Given that we live in a culture still bent on pitching abstinence-only sex ed to sexually active teens, still sustaining the stigma around STIs and still dealing with the devastating history of the AIDs epidemic, it can be exhausting to worry or even think about contracting HIV. But there's one medication that can help you ease your mind and enjoy a safer, healthier, worry-free sex life.
What is PrEP, exactly?
In 2012, Pre-Exposure Prophylaxis (shortened to PrEP) was approved by the U.S. Food and Drug Administration for HIV prevention. The once-a-day pill for people at high risk of acquiring HIV through sex or intravenous drug use is probably most well-known by men who have sex with men. PrEP jumped from being used by 6 percent of gay and bi men in 2014 to being used by 35 percent of gay and bi men in 2017, according to data released by the Centers for Disease Control and Prevention (CDC) in March 2019. But in reality, PrEP can be useful for everyone. The only qualification is that you must be HIV-negative.
Despite misinformation campaigns against PrEP, the drug is more than 97 percent effective at blocking HIV infection when taken as prescribed, according to a 2015 study in Clinical Infectious Diseases. “PrEP is not an experimental drug," confirmed Kumar Jairamdas, a Tampa-based HIV specialist who owns Integrated Practice Associates, a clinic that focuses on treating homosexual and HIV-positive men. "Many, many people are at risk of HIV exposure. What’s groundbreaking about PrEP is that it presents a real opportunity for people to protect themselves,” he said.
How does PrEP work?
The science of how the drugs work can get very confusing. But what you need to know is this: There are two FDA-licensed versions of PrEP on the market, Truvada and Descovy. Both drugs are made by the same manufacturer, Gilead Sciences, and have very similar efficacy rates—but there are some important distinctions. Truvada is approved for both AFAB (assigned female at birth) and AMAB (assigned male at birth), while Descovy is FDA-approved only for AMAB. There are other factors to consider, including potential side effects, so work with your healthcare provider to determine which medication will be best for you.
Whether you’re taking Truvada or Descovy, PrEP is not a once-a-day miracle pill. Instead, it should be just one part of a continuous sexual health education and STI prevention program. According to Jairamdas, people on PrEP see their medical providers every 30 to 90 days for a full STI panel and sexual wellness education on condom use, STI prevention and general risk reduction.
Taking PrEP was a two-year commitment for Rae, a non-binary 26-year-old. “I was nervous at first," said Rae, who was connected to a local clinic by The Sex Workers Outreach Project. "But I was a full-service sex worker and wanted the extra protection and peace of mind. I got bloodwork done every 3-6 months to monitor my organ functions and levels.”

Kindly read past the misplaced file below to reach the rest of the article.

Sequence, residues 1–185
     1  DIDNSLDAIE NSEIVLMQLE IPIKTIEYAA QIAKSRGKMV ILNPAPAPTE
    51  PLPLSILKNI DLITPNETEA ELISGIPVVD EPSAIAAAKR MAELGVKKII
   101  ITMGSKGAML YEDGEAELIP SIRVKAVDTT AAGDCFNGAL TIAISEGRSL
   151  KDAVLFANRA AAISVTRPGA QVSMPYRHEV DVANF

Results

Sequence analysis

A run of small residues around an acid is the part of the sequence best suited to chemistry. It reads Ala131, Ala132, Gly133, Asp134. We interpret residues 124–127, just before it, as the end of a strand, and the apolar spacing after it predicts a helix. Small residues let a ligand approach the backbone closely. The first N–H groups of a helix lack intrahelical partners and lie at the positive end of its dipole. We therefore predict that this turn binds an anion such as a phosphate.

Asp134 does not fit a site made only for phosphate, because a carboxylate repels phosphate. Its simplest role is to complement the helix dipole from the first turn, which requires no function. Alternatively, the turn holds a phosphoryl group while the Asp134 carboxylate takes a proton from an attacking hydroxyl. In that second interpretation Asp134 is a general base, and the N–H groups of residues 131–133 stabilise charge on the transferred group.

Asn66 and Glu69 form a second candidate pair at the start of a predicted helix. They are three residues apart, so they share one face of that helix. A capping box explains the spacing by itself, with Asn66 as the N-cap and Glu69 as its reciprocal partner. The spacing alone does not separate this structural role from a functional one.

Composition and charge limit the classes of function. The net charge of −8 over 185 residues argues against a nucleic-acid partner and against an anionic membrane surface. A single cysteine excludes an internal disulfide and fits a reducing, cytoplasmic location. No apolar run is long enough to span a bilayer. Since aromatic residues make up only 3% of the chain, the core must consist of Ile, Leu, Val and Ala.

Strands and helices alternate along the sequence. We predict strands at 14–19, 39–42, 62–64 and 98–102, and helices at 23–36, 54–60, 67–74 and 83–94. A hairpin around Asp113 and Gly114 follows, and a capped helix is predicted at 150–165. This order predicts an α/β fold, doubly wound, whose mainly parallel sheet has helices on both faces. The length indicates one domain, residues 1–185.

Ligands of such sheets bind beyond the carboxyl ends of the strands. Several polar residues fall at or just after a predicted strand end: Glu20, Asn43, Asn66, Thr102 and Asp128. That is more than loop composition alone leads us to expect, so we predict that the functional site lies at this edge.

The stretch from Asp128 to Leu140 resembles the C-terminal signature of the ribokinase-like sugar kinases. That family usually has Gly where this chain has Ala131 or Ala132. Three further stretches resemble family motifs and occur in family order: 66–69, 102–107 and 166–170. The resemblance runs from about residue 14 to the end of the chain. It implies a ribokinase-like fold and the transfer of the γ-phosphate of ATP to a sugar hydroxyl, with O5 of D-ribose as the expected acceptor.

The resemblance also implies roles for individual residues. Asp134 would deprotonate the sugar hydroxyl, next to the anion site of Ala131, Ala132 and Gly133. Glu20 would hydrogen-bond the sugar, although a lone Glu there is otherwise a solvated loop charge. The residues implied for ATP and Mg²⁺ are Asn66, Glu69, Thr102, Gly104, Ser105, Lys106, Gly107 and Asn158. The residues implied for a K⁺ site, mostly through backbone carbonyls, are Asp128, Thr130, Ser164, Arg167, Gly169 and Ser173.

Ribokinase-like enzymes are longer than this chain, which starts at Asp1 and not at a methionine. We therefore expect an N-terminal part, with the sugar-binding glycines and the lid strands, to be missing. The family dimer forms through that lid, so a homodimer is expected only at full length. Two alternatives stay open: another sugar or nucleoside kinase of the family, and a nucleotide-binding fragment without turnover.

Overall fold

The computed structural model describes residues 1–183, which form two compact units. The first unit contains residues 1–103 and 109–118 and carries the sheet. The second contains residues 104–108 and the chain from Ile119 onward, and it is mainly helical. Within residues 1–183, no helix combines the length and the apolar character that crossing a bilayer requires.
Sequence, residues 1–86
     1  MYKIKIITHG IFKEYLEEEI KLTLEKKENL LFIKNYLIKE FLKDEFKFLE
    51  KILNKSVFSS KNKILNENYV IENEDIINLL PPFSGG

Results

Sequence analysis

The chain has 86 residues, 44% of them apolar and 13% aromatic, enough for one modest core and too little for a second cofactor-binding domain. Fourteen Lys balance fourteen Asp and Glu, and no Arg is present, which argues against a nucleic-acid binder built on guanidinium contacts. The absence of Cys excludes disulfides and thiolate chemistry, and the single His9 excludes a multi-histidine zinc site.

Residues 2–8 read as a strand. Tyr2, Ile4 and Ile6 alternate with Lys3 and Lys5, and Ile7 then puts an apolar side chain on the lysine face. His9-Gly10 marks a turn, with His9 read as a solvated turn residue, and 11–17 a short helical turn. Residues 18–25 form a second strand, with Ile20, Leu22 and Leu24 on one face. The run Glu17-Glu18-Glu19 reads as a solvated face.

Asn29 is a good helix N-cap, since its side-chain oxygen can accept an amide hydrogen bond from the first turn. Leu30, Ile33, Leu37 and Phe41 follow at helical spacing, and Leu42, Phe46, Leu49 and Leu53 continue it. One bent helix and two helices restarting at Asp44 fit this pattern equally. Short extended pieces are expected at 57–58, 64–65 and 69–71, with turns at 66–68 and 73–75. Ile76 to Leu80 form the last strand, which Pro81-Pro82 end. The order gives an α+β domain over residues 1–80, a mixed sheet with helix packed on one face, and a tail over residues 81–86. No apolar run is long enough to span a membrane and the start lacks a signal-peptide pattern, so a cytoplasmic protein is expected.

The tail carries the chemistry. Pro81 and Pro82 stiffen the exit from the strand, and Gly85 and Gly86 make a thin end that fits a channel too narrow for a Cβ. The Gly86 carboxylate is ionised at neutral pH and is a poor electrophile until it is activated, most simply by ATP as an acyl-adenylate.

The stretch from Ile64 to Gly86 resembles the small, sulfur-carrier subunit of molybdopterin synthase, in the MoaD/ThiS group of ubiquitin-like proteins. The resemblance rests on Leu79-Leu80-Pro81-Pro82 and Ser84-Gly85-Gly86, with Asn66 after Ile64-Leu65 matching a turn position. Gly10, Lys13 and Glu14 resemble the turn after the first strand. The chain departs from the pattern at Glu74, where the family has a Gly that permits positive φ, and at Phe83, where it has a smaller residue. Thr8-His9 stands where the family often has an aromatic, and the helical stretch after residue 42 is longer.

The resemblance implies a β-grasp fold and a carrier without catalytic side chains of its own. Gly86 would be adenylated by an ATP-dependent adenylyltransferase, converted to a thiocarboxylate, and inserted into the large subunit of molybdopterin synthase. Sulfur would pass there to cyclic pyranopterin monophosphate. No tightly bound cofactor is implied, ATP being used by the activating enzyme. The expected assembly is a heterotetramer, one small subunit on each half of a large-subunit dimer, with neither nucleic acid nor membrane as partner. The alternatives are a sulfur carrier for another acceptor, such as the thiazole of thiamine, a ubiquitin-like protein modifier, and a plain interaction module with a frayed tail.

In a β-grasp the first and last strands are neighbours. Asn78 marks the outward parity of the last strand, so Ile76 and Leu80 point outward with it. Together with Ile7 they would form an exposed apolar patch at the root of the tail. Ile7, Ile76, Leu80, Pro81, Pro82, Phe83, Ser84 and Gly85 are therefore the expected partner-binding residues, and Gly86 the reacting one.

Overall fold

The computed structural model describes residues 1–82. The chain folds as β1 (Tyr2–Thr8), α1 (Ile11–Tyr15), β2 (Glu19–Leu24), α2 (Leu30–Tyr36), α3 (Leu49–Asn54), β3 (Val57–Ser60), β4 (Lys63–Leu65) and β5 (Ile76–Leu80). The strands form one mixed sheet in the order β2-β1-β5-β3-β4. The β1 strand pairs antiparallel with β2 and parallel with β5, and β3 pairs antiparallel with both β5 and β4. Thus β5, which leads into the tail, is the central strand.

Where is PrEP available?
There are a number of providers who can prescribe PrEP: primary care, internal medicine, OB-GYN, men’s health, HIV specialists, infectious disease as well as public health clinics. But no matter which provider you see, the most critical part is finding one you can have an open, honest conversation with about your sex life, drug use and other risk factors. It’s normal to be nervous about discussing these matters with a relative stranger, but there is nothing to be ashamed about. You're seeking a way to safely enjoy your sex life, so if your provider is judgmental, move on and find someone else.
One major caveat is that PrEP can be expensive. Truvada can cost those without health insurance about $2,000 per month. However, many states have free or reduced-price PrEP programs through health departments or other organizations. According to the CDC, the pill is still underused by people of color due to the lack of access to health care and insurance.
Who should consider taking PrEP?
People with multiple sex partners or who engage in anonymous sex, those with HIV-positive partners or ones who use injectable drugs and, really, anyone having sex without a condom—including sexually active straight people—should consider taking PrEP. This is probably a much larger population than the people who are actively seeking the pill. Blame misinformation, stigma and lack of information for PrEP’s obscurity; the drug is traditionally classified for gay and bisexual men, even though HIV/AIDs is not a “gay-only” disease.
“I want to encourage everyone—everyone that has sex and/or has a substance use disorder—to think about PrEP," Jairamdas said. "Seek out a medical provider that you feel comfortable with and have an open and honest conversation. I really encourage people to think about PrEP because they deserve protection from this virus. Everyone does. Until we have a cure, PrEP is the next best thing.”